Hello. I'm Davan Maharaj, the editor of the Los Angeles Times. Here are some story lines you shouldn't miss today.
If Not for Video ...
Perhaps one thing, more than any other, separates the shooting of a black man by a white officer in South Carolina from similar tragedies: clear, compelling video. Before it surfaced, police simply believed the officer's story. Afterward, everything changed, and a cop is charged with murder. Another lesson: Fast, decisive action by a police chief can head off more trouble.
Life and Death in Boston
Guilty on all 30 counts: The jury had little doubt about Boston Marathon bomber Dzhokhar Tsarnaev. The city seemed relieved, if not fully satisfied. The hardest part may be next: Federal prosecutors want jurors to impose the death penalty. Tsarnaev has a small bit of hope: People in Massachusetts generally oppose execution, and his attorneys need to convince only one juror.
Life's hard in Yemen, the poorest Arab country. It got worse as fighting grew between Houthi rebels and the government. Now, with Saudi air power weighing in on behalf of the latter, a calamity is unfolding: homes bombed, civilians killed, hospitals full, food lacking. "It's hard to imagine it getting worse," a Red Cross official said. Unfortunately, this war seems far from over.
Scientology has faced a long series of allegations about intimidation or harassment of former members, including a recent HBO documentary, "Going Clear." Now comes a police report from West Allis, Wis., where officers arrested a private detective with a carload of guns and electronics. He said he was paid to spy on none other than the father of church leader David Miscavige. Read on ...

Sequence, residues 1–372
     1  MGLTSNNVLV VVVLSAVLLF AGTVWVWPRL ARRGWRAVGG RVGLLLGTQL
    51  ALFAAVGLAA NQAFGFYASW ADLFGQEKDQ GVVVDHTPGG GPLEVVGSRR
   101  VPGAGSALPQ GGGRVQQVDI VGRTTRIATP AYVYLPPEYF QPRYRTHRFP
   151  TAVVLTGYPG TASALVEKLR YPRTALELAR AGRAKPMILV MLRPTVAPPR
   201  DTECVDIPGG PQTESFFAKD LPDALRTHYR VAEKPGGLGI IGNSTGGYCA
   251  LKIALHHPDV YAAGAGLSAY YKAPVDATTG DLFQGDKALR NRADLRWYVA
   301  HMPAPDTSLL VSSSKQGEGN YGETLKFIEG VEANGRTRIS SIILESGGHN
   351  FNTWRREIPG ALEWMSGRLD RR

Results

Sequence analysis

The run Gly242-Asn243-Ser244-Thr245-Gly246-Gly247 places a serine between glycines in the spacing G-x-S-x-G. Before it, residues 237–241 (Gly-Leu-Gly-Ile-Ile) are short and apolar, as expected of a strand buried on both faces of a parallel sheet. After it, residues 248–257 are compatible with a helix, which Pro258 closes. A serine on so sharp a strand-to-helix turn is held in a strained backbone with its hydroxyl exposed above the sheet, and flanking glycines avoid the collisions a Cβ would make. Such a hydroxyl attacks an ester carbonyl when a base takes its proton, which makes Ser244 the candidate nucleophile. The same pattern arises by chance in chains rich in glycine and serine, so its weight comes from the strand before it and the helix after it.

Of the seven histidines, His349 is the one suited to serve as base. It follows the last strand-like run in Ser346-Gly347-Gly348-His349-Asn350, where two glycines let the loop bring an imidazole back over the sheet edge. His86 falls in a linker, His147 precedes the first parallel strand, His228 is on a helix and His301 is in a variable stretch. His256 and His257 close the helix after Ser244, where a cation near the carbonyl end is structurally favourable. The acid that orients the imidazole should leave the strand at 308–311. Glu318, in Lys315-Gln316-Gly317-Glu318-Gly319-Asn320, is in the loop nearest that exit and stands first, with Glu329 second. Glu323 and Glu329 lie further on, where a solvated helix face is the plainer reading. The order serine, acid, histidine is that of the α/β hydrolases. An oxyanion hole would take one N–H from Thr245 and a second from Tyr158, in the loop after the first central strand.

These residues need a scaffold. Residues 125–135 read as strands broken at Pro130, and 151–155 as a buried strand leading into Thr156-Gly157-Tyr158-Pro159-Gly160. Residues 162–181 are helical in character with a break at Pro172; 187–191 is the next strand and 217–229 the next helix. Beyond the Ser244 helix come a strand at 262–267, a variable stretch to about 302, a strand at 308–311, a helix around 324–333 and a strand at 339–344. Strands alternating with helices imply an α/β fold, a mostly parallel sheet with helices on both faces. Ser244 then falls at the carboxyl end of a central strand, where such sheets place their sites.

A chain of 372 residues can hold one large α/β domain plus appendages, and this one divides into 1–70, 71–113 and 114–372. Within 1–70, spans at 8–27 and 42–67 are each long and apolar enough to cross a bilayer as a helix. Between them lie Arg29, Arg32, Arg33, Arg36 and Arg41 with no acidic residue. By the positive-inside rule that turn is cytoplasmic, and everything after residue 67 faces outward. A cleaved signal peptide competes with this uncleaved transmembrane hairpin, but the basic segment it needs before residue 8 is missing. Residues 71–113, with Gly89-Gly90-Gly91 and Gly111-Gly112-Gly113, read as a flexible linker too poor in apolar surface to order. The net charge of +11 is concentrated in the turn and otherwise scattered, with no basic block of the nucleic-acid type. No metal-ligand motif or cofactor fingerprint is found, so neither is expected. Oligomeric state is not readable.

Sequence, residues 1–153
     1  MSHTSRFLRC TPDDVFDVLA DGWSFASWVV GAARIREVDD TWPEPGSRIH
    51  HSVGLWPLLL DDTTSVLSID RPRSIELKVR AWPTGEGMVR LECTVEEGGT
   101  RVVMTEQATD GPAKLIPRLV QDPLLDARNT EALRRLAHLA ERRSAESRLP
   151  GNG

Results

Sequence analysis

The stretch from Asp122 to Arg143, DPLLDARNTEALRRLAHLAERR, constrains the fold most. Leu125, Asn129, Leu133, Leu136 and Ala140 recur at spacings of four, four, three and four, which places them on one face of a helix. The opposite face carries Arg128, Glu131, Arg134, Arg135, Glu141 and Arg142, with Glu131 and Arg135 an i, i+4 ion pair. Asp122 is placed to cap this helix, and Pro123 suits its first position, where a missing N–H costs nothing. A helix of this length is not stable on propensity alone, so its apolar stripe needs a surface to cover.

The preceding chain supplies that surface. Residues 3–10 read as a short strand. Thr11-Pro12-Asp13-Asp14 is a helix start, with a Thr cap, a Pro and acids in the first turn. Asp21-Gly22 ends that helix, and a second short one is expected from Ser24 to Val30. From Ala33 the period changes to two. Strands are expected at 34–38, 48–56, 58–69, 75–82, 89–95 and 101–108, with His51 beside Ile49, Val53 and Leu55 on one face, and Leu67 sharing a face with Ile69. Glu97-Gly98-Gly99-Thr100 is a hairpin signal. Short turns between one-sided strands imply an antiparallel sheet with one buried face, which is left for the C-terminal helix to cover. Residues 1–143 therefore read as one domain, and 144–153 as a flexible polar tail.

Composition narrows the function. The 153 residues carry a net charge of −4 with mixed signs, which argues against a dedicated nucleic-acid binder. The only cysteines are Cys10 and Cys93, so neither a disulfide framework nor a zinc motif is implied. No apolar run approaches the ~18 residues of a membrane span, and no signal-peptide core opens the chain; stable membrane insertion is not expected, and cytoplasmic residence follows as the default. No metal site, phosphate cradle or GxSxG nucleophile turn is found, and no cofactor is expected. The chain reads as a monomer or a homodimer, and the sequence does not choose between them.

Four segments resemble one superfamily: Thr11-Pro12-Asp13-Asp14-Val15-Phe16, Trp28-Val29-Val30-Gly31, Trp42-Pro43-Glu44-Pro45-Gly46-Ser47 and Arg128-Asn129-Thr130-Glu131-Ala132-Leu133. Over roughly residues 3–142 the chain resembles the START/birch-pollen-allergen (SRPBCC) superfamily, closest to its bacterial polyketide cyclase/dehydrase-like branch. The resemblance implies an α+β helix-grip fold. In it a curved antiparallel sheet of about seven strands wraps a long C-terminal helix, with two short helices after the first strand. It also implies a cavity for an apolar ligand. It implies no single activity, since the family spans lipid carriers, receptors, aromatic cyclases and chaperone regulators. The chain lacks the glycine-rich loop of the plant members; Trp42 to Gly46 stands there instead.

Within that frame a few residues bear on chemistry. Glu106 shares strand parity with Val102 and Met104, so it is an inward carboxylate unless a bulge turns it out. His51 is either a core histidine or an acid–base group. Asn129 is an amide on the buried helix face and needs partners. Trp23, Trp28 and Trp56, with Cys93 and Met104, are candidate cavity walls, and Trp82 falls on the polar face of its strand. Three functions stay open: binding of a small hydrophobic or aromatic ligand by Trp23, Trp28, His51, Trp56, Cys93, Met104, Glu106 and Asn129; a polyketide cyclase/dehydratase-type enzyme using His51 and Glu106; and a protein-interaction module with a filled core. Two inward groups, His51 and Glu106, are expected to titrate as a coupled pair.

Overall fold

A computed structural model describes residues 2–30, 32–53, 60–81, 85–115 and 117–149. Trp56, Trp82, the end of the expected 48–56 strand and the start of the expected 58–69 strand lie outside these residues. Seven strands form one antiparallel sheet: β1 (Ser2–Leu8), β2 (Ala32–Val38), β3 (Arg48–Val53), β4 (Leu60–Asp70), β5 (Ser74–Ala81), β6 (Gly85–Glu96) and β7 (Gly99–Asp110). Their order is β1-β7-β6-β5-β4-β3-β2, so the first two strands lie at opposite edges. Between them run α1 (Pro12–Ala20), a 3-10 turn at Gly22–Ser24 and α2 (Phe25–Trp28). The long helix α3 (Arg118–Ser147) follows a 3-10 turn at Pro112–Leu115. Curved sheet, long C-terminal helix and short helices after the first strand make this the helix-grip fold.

Got kids in sports? Then you've noticed things have changed -- a lot -- since you basically did your best to reconcile what your dad and coach told you to do. Now it's iPhones, video analysis and instant recruiting driven by social media. Eric Sondheimer looks at how two parents and their teen athletes are coping with a generational evolution.
-- Faucets, toilets and urinals sold after Jan. 1 will have to meet tighter water efficiency standards because of California's drought.
-- A state Senate panel OKs a bill that would make it harder for parents to get vaccination waivers for children.
-- The story behind a huge break and an arrest more than three decades after the killing of 6-year-old Jeffrey Vargo.
-- George Skelton on why California should schedule itself back into the presidential nominating process.
-- Video in a fatal Florida police shooting: "Get on the ground or you're dead!"
-- Use of firearms by Border Patrol agents is declining under new guidelines.
-- Islamic State, in a rare act of goodwill, frees 200 Yazidi Muslims who were kidnapped in August.
-- A U.S. soldier is reported killed in eastern Afghanistan, apparently by an Afghan soldier.
-- A $70-billion Shell-BG deal could fuel more oil and gas industry consolidation.
-- Tesla Motors says a new version of its Model S all-electric sedan, the 70D, will cost less than $70,000 after government incentives.
-- Bill Plaschke on the paradox of the Masters: a fine event run by dudes rooted in weirdness. Fortunately, it's still all about golf.
-- The NFL hires Sarah Thomas as its first full-time female official.
-- The latest scores and stats.
-- Decades after taking rock on the "Highway to Hell," AC/DC prepares to let loose on a new generation at Coachella.
-- What will be your road map through the sets at Coachella? Randall Roberts offers advice on a delightful problem.
-- A Coachella 2015 survival guide.
WHAT OUR EDITORS ARE READING
-- "Apocalyptic Schadenfreude": What the New York Times, and everybody else, gets wrong about California's water crisis.
-- View from Tehran: Iran's young and hopeful are cautiously optimistic.
-- "This Man I Call Father" My Facebook friendship with Idi Amin's son.
-- Can the world economy survive without fossil fuels?
-- "He wanted his band to be successful. But he didn't want to be the ... voice of a generation" Frances Bean Cobain, on her father, Kurt.
ONLY IN L.A.
No story was too small for the Valley Times, and therein lies a treasure. From 1946 to 1970, it chronicled the San Fernando Valley and its suburban boom -- not in sweeping essays and exposes, but in a small-town way. Ribbon cuttings. A Dairy Queen opening. Fiftieth anniversaries. The longest continuous Monopoly game. Read, and see, what curators are finding as they archive a remarkable trove of photographs.
Please send comments and ideas to Davan Maharaj.Copyright © 2017, Los Angeles Times